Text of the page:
Yes, coffee drinkers seem to live longer. But don't get too excited. | Popular Science
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Yes, coffee drinkers seem to live longer. But don't get too excited.

The question isn’t if, it’s how much.

Woman with coffee cup

There are plenty of other ways to feel superior about your coffee.

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Coffee seems like one of those things that scientists can’t make up their minds about. Like chocolate, or whether koalas are cute or terrifying. To be fair, the way reporters cover coffee studies does make it feel like every coffee researcher out there changes their mind every few years. But the medical community has held pretty much the same position for years now: coffee is, if anything, good for you.

The question isn’t whether your caffeine habit is beneficial, the question is how much it actually helps you. And if we’re going by this latest study, published on Monday in the Annals of Internal Medicine, the answer is... not a ton. Yes, it does cut your risk of getting liver cancer. Yes, it seems to protect against various digestive diseases. Maybe it helps you fight cardiovascular disease or even cancer, though those connections are less clear. But the margins of improvement here are fairly tiny. And oh yeah, we’re talking about correlations here. Yes, people who drink coffee tend to live ever-so-slightly longer—but we don’t really know that it’s the coffee that does it. Coffee drinkers could have plenty of other things in common that contribute to health and longevity.

Let’s just give coffee the benefit of the doubt for a moment, though. Let’s say these studies do show a causal effect: drink coffee, live longer. Now we have to look at the size of that effect. In health studies, we do that by looking at something called the hazard ratio. Bear with me, here. It's simpler than it sounds—and crucial to understanding studies like this one. Suddenly you’ll notice how few stories about superfoods and new health fads actually cite a hazard ratio, even though it’s the standard way to measure health impact. So just stick it out for the next paragraph—it’ll all be worth it.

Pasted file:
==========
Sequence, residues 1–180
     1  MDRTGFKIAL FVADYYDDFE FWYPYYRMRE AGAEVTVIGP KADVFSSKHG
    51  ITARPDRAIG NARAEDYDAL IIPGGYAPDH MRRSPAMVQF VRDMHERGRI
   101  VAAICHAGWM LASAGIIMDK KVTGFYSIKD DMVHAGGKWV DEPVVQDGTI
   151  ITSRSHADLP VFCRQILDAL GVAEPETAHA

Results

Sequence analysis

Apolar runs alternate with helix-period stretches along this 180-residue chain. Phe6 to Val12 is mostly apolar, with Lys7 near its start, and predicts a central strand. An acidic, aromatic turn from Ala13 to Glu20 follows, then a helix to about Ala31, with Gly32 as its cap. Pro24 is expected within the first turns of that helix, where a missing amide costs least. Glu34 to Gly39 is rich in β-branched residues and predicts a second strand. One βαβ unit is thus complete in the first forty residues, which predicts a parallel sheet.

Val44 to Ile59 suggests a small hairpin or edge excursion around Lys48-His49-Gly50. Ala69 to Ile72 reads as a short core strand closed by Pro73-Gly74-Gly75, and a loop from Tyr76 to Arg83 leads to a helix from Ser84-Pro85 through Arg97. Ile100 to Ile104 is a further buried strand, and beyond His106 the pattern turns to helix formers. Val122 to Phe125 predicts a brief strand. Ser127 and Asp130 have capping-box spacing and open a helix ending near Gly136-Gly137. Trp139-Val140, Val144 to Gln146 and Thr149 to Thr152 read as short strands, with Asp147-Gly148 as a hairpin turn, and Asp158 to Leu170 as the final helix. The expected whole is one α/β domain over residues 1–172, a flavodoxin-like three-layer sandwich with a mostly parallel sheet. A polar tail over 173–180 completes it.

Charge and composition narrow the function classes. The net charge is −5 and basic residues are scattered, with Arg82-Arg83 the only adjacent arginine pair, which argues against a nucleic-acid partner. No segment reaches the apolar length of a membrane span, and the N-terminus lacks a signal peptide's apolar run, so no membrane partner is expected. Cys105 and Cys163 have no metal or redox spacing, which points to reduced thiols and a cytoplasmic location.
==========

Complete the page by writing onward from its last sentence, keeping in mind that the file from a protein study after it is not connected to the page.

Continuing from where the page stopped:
When you cite actual numbers, effects suddenly seem a lot less impressive

When you compare coffee drinkers to non-drinkers, how many more people die in the non-drinking group? A hazard ratio below one means coffee drinkers are less likely to die (during whatever length of time the study covers, that is). A hazard ratio of more than one means coffee drinkers actually die more often. The farther the hazard ratio is from one, the larger the effect. And, as with any statistic, we can calculate the potential for error in that number. Maybe I found a hazard ratio of 0.9, but there’s enough room for error in my results that I can really only be sure that the number falls somewhere between 0.8 and 1.0. That range is called the confidence interval, and it specifies that I can say with 95% certainty that the real hazard ratio falls somewhere between 0.8 and 1.0—I just can’t say where. It could just as easily be 0.8 as it could be 1.0. And that means I basically found no measurable effect. If my hazard ratio might be 1.0, then my results could actually show that there's absolutely no difference between coffee drinkers and non-drinkers.

You don’t see hazard ratios mentioned a lot in superfood-type stories for a few reasons. One is laziness, but the more important issue is that hazard ratios often show how little impact the superfood actually had on study subjects. I can tell you with confidence that coffee lowers your risk of death. It’s even statistically significant! It’s less impressive if I say that the hazard ratio for men was 0.97, and the confidence interval was 0.96-0.98. Technically that interval is below 1.0, so technically I can say that coffee decreases your risk of death. It just might be by only two percent.

This new data isn’t as impressive as headlines might lead you to think

The latest study features a lot of hazard ratios like that. Digestive diseases and liver cancer were the exceptions, which is why they ended up in headlines. And hey, it’s great that coffee seems to have some impact on those conditions. For liver cancer, the hazard ratio got down to an impressive 0.56 for the highest coffee consumer, with a confidence interval of 0.41–0.77, and the results were similar for digestive diseases. But how many people gets digestive diseases or liver cancer? They’re pretty rare already, and they’re definitely not the common causes of death that most of us have to worry about. And if you’re worried about liver cancer, you’d be better off kicking your alcohol habit than you would be drinking more coffee.

Oh and by the way, tea is pretty much the same story. So whatever your morning beverage of choice is, you’re all set to receive your marginal benefits. Just remember to not put sugar or cream in whatever you drink—the risks associated with obesity will easily outweigh whatever small benefits you get from your caffeinated beverage.

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